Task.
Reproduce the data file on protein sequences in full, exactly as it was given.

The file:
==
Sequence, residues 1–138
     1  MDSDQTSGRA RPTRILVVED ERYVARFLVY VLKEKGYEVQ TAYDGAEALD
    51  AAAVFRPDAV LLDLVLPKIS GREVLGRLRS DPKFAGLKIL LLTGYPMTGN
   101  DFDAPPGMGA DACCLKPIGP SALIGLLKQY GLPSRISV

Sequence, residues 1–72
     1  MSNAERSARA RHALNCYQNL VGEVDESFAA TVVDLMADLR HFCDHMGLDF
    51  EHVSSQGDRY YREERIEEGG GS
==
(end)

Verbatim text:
Sequence, residues 1–138
     1  MDSDQTSGRA RPTRILVVED ERYVARFLVY VLKEKGYEVQ TAYDGAEALD
    51  AAAVFRPDAV LLDLVLPKIS GREVLGRLRS DPKFAGLKIL LLTGYPMTGN
   101  DFDAPPGMGA DACCLKPIGP SALIGLLKQY GLPSRISV

Sequence, residues 1–72
     1  MSNAERSARA RHALNCYQNL VGEVDESFAA TVVDLMADLR HFCDHMGLDF
    51  EHVSSQGDRY YREERIEEGG GS